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Clarke Award 2019

I see this year’s winner* of the Arthur C Clarke Award is Rosewater by Tade Thompson.

I’ve not read it but I’ll put it on my to seek list.

*At least it wasn’t the Yoon Ha Lee.

Dreams Before the Start of Time by Anne Charnock

47 North, 2017, 219 p.

This was on the short list for the BSFA Award last year and subsequently won the Clarke Award.

 Dreams Before the Start of Time cover

It is, however, less of a novel than a series of vignettes featuring characters with some sort of relationship to each other but unfolding over a timescale of 83 years starting in 2034. The one big change to society involved in all this is the advent of technology to nurture human fœtuses outside the womb and to tweak the genetic composition of embryos for desired traits. The slow evolution of approved standards of child gestation into outright disapproval of the natural process – how can you be so uncaring of your child’s welfare as to carry it yourself? – is well served by the form of the narrative; it comes on us gradually, as the attitude would. The choice is not, however, so easy if you lack the resources to purchase the services and provides another stick with which to beat the poor, to go along with all the traditional ones.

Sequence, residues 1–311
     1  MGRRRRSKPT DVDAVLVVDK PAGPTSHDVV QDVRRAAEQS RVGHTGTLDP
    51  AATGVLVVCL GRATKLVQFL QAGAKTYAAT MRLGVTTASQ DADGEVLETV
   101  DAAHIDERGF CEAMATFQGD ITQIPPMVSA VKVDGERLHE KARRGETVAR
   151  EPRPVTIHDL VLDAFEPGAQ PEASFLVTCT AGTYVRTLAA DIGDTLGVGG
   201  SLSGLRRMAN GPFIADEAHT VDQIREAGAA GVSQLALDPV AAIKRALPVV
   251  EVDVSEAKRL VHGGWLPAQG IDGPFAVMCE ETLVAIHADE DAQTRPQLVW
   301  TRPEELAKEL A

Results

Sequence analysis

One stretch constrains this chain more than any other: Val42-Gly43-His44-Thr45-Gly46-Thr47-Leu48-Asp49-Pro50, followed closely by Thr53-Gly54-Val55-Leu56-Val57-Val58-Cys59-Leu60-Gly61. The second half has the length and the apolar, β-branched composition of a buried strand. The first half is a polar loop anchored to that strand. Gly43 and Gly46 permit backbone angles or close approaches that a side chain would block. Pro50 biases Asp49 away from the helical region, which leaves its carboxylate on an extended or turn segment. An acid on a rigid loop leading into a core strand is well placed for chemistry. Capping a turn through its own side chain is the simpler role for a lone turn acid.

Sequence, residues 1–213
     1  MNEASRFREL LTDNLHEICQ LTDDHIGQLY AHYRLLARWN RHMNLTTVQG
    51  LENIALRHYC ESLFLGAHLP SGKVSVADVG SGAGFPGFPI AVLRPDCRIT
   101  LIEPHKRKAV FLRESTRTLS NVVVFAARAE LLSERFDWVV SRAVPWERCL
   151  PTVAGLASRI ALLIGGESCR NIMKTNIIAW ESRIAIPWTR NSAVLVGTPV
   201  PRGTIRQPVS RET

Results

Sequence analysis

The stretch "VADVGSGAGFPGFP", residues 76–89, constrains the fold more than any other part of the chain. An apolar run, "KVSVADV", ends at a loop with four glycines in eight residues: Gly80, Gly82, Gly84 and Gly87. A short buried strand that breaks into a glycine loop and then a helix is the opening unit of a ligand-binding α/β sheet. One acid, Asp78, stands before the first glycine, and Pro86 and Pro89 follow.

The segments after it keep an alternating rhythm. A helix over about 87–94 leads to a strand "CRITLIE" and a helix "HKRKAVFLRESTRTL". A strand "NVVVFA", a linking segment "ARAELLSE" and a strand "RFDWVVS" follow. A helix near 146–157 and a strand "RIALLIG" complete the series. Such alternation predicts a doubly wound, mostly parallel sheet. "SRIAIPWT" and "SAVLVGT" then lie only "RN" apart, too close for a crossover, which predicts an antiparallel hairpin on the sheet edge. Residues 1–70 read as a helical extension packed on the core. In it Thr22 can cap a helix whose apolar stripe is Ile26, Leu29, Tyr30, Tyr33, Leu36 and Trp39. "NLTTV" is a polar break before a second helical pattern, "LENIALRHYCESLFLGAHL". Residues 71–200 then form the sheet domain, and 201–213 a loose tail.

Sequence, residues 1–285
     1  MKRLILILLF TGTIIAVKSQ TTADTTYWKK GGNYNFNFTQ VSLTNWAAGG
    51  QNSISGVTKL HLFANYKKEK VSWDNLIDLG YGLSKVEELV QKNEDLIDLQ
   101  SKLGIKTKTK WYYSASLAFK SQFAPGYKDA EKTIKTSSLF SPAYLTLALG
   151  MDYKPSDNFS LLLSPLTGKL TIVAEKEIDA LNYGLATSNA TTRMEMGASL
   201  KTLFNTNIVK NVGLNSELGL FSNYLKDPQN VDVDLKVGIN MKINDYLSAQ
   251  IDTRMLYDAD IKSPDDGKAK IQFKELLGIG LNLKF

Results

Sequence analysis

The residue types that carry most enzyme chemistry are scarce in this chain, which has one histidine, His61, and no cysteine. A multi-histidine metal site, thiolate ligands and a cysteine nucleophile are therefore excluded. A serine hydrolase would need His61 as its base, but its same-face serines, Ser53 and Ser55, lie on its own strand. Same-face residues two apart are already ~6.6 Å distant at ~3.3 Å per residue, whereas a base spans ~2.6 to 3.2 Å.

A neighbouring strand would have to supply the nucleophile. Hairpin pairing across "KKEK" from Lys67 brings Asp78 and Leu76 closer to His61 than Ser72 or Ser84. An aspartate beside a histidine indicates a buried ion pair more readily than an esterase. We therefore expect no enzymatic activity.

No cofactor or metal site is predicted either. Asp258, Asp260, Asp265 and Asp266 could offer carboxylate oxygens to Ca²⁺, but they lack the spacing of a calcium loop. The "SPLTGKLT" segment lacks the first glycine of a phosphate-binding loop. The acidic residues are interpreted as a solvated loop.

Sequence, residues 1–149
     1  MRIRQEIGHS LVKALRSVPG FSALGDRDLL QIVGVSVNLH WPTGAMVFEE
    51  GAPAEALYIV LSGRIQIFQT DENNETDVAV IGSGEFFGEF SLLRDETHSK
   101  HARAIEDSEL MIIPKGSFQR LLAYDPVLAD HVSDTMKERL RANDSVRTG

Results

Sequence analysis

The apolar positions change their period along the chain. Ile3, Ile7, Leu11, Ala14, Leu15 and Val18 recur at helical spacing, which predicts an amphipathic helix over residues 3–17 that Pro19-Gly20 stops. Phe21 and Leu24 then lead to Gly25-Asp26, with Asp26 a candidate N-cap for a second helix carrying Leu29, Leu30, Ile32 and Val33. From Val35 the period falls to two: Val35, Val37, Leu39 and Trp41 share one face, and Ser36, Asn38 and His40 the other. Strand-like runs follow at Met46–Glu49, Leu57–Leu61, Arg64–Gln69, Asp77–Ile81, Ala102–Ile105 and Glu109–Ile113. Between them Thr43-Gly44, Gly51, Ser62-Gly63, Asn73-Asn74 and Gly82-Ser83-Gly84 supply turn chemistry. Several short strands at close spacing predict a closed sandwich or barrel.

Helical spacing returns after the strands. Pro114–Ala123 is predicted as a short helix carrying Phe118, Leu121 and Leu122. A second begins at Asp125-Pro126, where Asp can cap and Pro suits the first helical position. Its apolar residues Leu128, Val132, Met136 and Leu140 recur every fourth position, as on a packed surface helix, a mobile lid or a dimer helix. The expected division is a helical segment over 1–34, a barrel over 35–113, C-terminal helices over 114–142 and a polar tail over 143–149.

As a Science Fictional thought experiment this is almost text book; consequences of a change thought out and demonstrated. I can see why it has garnered the acclaim it did. As a novel it’s less so, though, coming over as bitty and too pat. Moreover I wasn’t convinced by the implied background. Even in 2120 daily life in Dreams Before the Start of Time doesn’t appear to be very different from that in the early twenty-first century. Perhaps this appears so because most of the characters are well-to-do, or at least comfortably off. Charnock writes well, though. The book is never less than readable and in places surpasses that.

Pedant’s corner:- practiced (practised.)

2019 Clarke Award Shortlist

I see the short list for this year’s Arthur C Clarke Award has been announced. I missed it at the time as I was away.

The list is:-

Semiosis by Sue Burke (HarperVoyager)
Revenant Gun by Yoon Ha Lee (Solaris)
Frankenstein in Baghdad by Ahmed Saadawi (Oneworld)
The Electric State by Simon Stålenhag (Simon & Schuster)
Rosewater by Tade Thompson (Orbit)
The Loosening Skin by Aliya Whiteley (Unsung Stories)